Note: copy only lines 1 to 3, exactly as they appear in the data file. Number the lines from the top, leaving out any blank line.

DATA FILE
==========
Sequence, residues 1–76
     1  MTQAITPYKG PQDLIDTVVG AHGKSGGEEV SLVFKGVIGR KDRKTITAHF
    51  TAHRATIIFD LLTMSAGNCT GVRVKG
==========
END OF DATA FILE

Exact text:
Sequence, residues 1–76
     1  MTQAITPYKG PQDLIDTVVG AHGKSGGEEV SLVFKGVIGR KDRKTITAHF
    51  TAHRATIIFD LLTMSAGNCT GVRVKG